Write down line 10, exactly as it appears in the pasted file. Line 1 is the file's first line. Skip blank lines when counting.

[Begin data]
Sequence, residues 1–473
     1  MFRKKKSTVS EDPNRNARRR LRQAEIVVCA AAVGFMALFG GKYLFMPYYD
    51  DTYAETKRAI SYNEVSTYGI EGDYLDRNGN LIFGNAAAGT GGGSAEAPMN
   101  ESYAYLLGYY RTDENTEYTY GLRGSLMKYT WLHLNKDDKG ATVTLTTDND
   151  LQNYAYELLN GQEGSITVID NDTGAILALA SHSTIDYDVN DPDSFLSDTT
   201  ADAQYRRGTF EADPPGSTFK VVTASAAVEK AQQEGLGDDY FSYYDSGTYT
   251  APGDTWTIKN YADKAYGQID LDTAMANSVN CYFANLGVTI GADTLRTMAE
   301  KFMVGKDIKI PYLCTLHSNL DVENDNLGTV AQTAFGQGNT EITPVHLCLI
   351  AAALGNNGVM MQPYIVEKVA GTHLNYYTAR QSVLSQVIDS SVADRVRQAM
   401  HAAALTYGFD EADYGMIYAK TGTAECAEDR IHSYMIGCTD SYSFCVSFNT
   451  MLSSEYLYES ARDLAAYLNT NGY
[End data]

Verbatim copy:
   401  HAAALTYGFD EADYGMIYAK TGTAECAEDR IHSYMIGCTD SYSFCVSFNT